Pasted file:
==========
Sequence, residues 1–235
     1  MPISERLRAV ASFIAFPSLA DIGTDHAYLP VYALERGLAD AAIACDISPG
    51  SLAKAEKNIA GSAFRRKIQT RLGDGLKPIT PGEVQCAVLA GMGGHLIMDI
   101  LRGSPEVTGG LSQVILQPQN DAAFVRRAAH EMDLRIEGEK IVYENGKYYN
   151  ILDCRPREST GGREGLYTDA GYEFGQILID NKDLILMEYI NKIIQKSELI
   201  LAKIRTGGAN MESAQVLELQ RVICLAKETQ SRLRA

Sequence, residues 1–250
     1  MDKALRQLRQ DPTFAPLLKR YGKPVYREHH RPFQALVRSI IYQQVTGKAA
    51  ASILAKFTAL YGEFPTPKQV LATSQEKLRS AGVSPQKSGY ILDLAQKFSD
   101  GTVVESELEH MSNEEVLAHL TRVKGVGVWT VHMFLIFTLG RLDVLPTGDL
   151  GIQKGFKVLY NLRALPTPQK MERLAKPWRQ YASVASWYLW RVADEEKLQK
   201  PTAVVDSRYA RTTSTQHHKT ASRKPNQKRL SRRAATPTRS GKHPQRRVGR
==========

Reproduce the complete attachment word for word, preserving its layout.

Sequence, residues 1–235
     1  MPISERLRAV ASFIAFPSLA DIGTDHAYLP VYALERGLAD AAIACDISPG
    51  SLAKAEKNIA GSAFRRKIQT RLGDGLKPIT PGEVQCAVLA GMGGHLIMDI
   101  LRGSPEVTGG LSQVILQPQN DAAFVRRAAH EMDLRIEGEK IVYENGKYYN
   151  ILDCRPREST GGREGLYTDA GYEFGQILID NKDLILMEYI NKIIQKSELI
   201  LAKIRTGGAN MESAQVLELQ RVICLAKETQ SRLRA

Sequence, residues 1–250
     1  MDKALRQLRQ DPTFAPLLKR YGKPVYREHH RPFQALVRSI IYQQVTGKAA
    51  ASILAKFTAL YGEFPTPKQV LATSQEKLRS AGVSPQKSGY ILDLAQKFSD
   101  GTVVESELEH MSNEEVLAHL TRVKGVGVWT VHMFLIFTLG RLDVLPTGDL
   151  GIQKGFKVLY NLRALPTPQK MERLAKPWRQ YASVASWYLW RVADEEKLQK
   201  PTAVVDSRYA RTTSTQHHKT ASRKPNQKRL SRRAATPTRS GKHPQRRVGR